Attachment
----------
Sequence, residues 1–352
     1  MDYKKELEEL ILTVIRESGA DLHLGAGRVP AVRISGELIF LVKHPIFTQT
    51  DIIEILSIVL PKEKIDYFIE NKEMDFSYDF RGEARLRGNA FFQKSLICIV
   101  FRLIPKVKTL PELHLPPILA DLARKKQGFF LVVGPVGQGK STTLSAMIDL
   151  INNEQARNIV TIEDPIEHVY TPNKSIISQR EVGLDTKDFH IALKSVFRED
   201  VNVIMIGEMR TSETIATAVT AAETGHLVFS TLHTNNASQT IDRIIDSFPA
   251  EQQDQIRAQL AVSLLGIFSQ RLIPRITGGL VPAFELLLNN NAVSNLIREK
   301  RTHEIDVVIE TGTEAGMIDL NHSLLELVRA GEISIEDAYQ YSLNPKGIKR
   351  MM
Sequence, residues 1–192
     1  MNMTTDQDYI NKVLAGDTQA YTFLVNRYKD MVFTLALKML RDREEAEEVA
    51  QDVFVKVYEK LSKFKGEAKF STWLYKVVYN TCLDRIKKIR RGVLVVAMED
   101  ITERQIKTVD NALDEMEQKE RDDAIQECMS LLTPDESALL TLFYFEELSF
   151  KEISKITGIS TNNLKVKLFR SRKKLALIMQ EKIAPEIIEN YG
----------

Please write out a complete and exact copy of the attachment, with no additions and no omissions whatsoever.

Sequence, residues 1–352
     1  MDYKKELEEL ILTVIRESGA DLHLGAGRVP AVRISGELIF LVKHPIFTQT
    51  DIIEILSIVL PKEKIDYFIE NKEMDFSYDF RGEARLRGNA FFQKSLICIV
   101  FRLIPKVKTL PELHLPPILA DLARKKQGFF LVVGPVGQGK STTLSAMIDL
   151  INNEQARNIV TIEDPIEHVY TPNKSIISQR EVGLDTKDFH IALKSVFRED
   201  VNVIMIGEMR TSETIATAVT AAETGHLVFS TLHTNNASQT IDRIIDSFPA
   251  EQQDQIRAQL AVSLLGIFSQ RLIPRITGGL VPAFELLLNN NAVSNLIREK
   301  RTHEIDVVIE TGTEAGMIDL NHSLLELVRA GEISIEDAYQ YSLNPKGIKR
   351  MM
Sequence, residues 1–192
     1  MNMTTDQDYI NKVLAGDTQA YTFLVNRYKD MVFTLALKML RDREEAEEVA
    51  QDVFVKVYEK LSKFKGEAKF STWLYKVVYN TCLDRIKKIR RGVLVVAMED
   101  ITERQIKTVD NALDEMEQKE RDDAIQECMS LLTPDESALL TLFYFEELSF
   151  KEISKITGIS TNNLKVKLFR SRKKLALIMQ EKIAPEIIEN YG